I am near the end of my tour, just a few days to go, which is why I drank one pint more than usual the night before.
JE Books is the smallest bookshop on my tour. It is situated in one of those old shopping arcades that reminds you of when a high street had shops owned by many people rather than dominated by two or three corporations which are all probably ultimately owned by a big American hedge fund company.
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There is no element of surprise in those generic stores, but this arcade is a place of potential delights, whether you are looking for sound equipment or a whoopee cushion (that’s from Dinsdales Joke Shop – “We sell laughter – keep smiling”).
Julie, who owns the bookshop, is just the sort of person you want to meet when you are doing a Monday morning 11am book signing with a slightly blurry head. She is ebullient.
She has worked in a bookmaker’s, the civil service, taught English at the University of Hull and has a
PhD on the novels of Jeanette Winterson. Like all the other booksellers I have met, she always knew her destiny was to have a shop of her own.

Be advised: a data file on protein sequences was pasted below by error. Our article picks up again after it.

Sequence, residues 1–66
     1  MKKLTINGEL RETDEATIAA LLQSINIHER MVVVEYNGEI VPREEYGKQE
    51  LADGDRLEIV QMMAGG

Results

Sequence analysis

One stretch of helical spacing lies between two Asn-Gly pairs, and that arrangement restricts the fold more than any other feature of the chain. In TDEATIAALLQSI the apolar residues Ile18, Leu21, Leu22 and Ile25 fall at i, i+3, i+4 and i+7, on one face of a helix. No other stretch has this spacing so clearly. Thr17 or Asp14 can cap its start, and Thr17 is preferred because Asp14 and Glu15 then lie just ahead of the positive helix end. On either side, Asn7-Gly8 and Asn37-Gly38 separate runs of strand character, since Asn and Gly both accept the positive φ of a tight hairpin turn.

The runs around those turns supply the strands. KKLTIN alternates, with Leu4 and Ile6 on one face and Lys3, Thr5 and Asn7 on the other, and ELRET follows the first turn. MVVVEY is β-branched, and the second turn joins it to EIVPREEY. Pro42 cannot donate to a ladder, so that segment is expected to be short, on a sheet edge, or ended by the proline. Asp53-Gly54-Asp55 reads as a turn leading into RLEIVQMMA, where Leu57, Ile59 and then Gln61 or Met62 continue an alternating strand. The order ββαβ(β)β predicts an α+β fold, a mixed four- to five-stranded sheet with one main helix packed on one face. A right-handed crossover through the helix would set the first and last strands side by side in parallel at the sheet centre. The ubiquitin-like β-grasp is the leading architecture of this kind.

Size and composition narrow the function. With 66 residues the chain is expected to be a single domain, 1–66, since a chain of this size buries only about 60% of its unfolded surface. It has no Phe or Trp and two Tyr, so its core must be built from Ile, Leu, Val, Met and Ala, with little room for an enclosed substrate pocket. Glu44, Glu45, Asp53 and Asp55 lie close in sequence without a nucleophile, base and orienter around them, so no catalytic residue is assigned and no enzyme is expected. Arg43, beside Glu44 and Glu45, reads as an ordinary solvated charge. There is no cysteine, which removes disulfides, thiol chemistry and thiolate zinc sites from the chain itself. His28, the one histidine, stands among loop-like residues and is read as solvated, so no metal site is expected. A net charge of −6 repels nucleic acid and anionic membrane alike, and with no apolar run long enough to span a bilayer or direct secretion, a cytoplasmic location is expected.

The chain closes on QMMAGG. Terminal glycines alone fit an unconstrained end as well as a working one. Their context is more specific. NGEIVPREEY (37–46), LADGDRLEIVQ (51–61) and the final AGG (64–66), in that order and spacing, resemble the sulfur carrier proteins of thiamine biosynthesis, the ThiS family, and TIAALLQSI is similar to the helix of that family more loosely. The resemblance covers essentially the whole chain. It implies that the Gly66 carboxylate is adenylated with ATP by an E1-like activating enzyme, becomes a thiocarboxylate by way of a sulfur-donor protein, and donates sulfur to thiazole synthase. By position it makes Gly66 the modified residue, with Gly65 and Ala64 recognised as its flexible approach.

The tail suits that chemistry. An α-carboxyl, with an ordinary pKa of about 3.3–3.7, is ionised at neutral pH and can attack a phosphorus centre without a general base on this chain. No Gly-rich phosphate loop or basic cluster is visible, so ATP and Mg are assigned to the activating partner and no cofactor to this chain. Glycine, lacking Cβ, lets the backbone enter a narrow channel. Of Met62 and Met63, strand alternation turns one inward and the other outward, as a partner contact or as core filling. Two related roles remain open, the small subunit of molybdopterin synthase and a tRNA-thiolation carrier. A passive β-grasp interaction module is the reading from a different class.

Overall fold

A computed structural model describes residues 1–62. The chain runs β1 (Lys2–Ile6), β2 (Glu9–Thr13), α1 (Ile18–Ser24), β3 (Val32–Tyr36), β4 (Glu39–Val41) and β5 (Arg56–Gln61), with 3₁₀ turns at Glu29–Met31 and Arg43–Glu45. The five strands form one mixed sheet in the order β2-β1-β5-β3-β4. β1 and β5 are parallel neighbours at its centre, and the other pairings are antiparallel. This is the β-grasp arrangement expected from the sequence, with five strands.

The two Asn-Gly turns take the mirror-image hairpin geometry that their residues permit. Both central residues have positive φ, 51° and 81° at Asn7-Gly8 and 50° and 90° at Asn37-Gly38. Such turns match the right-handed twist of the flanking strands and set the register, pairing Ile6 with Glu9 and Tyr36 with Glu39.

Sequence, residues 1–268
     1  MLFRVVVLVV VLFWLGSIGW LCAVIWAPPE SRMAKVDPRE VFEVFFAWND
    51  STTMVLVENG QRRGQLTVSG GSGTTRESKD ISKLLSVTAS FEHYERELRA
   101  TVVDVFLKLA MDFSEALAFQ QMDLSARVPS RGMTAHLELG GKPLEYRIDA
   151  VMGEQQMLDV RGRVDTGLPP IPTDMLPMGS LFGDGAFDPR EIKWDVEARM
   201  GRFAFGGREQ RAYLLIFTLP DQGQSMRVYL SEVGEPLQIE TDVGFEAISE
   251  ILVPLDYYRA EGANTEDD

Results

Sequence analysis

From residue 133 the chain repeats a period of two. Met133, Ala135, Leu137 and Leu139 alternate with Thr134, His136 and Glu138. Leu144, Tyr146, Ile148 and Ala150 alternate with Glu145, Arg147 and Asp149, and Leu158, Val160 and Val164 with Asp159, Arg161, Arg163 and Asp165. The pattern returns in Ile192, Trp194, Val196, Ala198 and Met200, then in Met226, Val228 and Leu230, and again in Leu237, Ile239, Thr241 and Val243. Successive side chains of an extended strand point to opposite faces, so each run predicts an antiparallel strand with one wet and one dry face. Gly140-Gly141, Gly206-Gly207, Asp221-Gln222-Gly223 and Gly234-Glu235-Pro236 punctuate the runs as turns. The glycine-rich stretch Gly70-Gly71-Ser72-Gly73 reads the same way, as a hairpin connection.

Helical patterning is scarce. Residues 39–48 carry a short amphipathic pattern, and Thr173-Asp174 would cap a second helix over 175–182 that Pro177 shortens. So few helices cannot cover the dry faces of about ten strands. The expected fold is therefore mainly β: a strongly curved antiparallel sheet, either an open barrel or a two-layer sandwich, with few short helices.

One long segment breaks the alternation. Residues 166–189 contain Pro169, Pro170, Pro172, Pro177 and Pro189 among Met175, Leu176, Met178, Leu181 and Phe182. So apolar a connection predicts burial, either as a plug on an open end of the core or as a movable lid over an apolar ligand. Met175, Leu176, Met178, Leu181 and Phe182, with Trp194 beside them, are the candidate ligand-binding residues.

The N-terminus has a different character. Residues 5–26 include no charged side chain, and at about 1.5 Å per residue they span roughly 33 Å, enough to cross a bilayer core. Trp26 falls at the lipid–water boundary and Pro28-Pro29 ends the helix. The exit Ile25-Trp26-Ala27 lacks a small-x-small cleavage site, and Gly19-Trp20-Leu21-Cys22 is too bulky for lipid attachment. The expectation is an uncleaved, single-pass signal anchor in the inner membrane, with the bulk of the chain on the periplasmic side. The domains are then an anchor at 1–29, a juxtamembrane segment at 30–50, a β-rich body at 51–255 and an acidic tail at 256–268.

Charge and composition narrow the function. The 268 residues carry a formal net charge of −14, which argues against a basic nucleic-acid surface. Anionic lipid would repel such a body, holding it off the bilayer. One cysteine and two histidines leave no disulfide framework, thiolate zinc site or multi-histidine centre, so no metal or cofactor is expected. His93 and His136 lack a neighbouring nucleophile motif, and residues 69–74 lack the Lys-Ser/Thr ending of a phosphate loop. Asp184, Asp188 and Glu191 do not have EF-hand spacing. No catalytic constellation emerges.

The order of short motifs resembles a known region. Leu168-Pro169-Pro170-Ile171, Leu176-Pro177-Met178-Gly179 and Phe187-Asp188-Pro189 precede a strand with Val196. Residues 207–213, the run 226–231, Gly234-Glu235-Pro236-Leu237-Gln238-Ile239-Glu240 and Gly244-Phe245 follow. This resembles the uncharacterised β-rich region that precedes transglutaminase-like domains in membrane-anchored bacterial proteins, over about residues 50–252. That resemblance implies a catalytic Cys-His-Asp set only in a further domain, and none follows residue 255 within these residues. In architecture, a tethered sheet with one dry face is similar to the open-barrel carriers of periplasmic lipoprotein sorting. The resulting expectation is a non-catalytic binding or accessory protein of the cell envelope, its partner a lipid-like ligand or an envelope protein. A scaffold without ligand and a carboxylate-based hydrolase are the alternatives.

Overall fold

There is no room to sign in the shop, so she has set up a table outside, with a chair with a hot water bottle on it in case I am cold, a blanket, hand disinfectant and a box of chocolates. What author could ask for more?
On top of that, people come and we run out of books. Though I am in a hurry to get the train, I cannot leave without browsing and, as ever, I find there are books I must have.
Of course I need a 1950s Penguin Guide to Devon to compare and contrast Ilfracombe, as well as a David Foster Wallace interview and one of Richard Allen’s lurid skinhead books from the early 1970s.
This is the end of my north of England leg of the tour, I recline in my seat as I pass the Humber Bridge enjoying a soft centre and falling into the dubious pleasure of pulpy youth culture written by a middle-aged man.
“Billy shrugged and settled back against the Cortina’s upholstery. At 21 he was beyond reach of the do-gooder society’s leniency. Beyond the screaming newspapers.”
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My next destination is Warwick Books. I arrive at 5pm, but all is closing now, save for the light at the end of the square where the bookshop throbs.
Tonight’s event includes cheese cubes on cocktail sticks and prosecco. We are having a party.
Like Julie, Mog and her wife Pauline knew they had to run a bookshop. It buzzes with recommendations, and I do not leave empty-handed.
The reasons for my sciatica are not hidden, but piled around my house – the possibility of shelves long since gone, but what a way to drown.
Robin Ince is an author and broadcaster
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